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Ventilation and Respiratory Mechanics

  1. Andrew William Sheel1,
  2. Lee M. Romer2

Published Online: 1 APR 2012

DOI: 10.1002/cphy.c100046

Comprehensive Physiology

Comprehensive Physiology

How to Cite

Sheel, A. W. and Romer, L. M. 2012. Ventilation and Respiratory Mechanics. Comprehensive Physiology. 2:1093–1142.

Author Information

  1. 1

    The School of Kinesiology, The University of British Columbia, Vancouver, Canada

  2. 2

    Centre for Sports Medicine and Human Performance, Brunel University, Uxbridge, United Kingdom

Publication History

  1. Published Online: 1 APR 2012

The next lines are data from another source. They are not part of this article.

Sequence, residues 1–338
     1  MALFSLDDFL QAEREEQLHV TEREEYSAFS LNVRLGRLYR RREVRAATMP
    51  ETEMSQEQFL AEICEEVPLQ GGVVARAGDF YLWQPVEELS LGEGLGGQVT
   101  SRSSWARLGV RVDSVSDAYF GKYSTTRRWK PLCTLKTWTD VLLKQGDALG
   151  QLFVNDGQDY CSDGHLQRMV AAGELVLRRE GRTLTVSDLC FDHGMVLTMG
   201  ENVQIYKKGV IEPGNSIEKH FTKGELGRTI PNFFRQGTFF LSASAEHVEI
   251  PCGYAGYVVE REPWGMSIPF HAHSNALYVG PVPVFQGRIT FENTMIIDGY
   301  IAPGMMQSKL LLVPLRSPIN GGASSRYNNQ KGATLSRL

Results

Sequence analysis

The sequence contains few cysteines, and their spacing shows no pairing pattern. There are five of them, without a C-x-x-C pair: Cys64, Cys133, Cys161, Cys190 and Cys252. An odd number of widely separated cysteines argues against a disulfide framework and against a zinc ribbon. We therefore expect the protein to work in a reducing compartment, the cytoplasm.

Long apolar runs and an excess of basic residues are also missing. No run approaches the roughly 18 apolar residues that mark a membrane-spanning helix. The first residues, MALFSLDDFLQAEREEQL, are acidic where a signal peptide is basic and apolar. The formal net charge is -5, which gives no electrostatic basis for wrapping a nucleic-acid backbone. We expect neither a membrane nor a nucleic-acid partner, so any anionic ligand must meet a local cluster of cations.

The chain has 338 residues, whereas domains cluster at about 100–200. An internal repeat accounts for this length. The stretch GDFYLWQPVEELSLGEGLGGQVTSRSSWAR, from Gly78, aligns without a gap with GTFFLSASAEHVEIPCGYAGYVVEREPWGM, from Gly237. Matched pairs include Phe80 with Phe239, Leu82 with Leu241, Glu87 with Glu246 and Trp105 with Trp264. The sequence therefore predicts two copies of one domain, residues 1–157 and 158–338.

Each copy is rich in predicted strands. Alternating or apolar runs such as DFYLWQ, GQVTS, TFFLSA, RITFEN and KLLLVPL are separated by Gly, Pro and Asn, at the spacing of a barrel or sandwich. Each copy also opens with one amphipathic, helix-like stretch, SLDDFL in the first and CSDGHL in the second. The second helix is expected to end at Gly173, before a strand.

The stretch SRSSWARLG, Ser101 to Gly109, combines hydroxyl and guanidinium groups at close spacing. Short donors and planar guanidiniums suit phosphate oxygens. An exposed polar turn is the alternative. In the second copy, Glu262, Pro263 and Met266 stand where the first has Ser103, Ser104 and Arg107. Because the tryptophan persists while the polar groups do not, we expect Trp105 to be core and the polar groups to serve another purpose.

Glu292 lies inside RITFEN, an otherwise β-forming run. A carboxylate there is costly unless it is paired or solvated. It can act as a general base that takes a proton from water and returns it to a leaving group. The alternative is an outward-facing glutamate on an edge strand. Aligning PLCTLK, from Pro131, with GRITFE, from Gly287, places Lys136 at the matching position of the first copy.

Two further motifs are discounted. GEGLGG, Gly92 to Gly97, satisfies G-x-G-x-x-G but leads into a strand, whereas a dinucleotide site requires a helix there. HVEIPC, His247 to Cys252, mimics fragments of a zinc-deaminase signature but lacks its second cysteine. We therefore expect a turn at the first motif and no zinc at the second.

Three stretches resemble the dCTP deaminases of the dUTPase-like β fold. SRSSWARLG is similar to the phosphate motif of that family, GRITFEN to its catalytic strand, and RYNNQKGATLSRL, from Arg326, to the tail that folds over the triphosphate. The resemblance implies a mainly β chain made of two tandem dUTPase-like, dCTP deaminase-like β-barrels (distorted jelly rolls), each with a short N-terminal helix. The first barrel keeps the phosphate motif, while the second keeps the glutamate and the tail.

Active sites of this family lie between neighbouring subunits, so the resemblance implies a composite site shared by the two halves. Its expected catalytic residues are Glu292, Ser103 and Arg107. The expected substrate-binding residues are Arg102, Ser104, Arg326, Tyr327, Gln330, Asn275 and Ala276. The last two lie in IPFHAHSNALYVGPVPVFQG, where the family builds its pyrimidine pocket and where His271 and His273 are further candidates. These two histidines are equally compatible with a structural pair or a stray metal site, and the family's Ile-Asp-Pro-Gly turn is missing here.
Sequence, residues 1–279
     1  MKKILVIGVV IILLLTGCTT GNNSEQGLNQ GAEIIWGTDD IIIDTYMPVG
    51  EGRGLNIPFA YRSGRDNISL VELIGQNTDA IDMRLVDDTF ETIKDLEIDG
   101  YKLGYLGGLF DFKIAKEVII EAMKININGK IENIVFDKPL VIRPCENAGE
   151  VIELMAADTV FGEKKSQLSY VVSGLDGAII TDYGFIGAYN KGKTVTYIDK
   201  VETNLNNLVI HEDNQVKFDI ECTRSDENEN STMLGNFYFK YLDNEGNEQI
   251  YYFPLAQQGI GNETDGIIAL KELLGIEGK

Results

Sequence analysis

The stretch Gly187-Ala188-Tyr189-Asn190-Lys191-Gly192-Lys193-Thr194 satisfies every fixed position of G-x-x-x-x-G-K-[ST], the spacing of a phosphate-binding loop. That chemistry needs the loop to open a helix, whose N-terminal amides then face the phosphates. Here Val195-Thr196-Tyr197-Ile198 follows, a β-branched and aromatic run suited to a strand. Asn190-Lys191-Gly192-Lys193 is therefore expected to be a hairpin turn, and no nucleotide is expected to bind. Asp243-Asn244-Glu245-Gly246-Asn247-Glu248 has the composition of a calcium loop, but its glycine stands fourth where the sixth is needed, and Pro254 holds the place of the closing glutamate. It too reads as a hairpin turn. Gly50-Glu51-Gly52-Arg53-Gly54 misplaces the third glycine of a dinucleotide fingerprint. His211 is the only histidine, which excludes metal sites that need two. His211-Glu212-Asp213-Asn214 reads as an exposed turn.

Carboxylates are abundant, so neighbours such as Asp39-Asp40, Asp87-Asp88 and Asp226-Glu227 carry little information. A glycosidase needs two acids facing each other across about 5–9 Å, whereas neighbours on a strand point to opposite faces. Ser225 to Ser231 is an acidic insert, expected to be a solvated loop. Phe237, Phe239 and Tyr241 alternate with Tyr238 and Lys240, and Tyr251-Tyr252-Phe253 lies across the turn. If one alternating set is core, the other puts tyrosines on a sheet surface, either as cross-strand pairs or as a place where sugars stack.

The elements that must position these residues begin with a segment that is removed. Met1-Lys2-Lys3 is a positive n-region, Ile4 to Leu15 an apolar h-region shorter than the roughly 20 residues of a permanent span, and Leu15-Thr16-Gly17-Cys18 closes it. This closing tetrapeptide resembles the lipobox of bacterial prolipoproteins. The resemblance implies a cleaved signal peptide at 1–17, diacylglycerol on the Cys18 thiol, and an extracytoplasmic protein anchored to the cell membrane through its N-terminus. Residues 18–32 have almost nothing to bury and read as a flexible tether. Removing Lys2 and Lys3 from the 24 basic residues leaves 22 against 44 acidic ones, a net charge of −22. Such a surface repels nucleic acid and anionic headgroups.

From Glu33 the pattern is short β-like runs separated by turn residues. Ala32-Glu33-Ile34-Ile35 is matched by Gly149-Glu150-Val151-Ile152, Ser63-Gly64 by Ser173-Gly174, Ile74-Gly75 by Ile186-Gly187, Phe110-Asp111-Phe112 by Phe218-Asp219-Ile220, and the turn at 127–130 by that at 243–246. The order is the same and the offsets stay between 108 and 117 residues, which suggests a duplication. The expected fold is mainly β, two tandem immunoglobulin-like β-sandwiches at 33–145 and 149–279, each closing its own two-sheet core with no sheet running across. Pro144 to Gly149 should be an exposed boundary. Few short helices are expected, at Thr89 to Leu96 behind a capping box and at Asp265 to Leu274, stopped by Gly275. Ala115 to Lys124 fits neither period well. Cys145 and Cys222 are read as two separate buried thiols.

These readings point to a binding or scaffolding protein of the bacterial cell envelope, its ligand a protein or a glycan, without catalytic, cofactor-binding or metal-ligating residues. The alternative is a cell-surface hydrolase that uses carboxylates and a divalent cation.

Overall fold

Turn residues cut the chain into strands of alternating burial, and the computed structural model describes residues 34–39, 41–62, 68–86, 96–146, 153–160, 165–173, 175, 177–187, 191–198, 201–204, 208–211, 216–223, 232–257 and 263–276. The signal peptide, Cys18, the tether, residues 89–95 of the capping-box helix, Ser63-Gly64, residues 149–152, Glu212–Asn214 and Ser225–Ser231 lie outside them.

During dynamic exercise, the healthy pulmonary system faces several major challenges, including decreases in mixed venous oxygen content and increases in mixed venous carbon dioxide. As such, the ventilatory demand is increased, while the rising cardiac output means that blood will have considerably less time in the pulmonary capillaries to accomplish gas exchange. Blood gas homeostasis must be accomplished by precise regulation of alveolar ventilation via medullary neural networks and sensory reflex mechanisms. It is equally important that cardiovascular and pulmonary system responses to exercise be precisely matched to the increase in metabolic requirements, and that the substantial gas transport needs of both respiratory and locomotor muscles be considered. Our article addresses each of these topics with emphasis on the healthy, young adult exercising in normoxia. We review recent evidence concerning how exercise hyperpnea influences sympathetic vasoconstrictor outflow and the effect this might have on the ability to perform muscular work. We also review sex-based differences in lung mechanics. © 2012 American Physiological Society. Compr Physiol 2:1093-1142, 2012.